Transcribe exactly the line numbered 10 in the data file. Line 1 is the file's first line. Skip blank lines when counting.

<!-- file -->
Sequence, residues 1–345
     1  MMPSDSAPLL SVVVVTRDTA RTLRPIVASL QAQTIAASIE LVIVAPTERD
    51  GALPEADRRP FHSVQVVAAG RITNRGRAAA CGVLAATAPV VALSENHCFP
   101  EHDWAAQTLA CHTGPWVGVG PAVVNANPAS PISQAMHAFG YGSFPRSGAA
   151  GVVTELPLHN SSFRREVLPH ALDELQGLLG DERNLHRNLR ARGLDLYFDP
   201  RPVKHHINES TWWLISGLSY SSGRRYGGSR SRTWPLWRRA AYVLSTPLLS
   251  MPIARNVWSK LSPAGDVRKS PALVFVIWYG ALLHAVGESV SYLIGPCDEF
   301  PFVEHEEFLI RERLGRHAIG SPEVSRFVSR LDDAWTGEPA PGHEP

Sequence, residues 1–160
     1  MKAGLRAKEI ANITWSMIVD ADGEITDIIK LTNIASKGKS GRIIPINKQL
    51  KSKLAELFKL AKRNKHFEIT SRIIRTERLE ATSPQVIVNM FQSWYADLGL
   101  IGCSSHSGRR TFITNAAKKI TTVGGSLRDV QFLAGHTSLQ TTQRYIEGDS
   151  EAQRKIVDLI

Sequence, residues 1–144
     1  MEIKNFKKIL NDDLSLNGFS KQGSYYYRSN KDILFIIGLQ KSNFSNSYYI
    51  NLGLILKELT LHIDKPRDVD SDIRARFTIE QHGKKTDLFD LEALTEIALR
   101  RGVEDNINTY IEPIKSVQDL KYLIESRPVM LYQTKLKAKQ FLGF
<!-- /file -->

     1  MKAGLRAKEI ANITWSMIVD ADGEITDIIK LTNIASKGKS GRIIPINKQL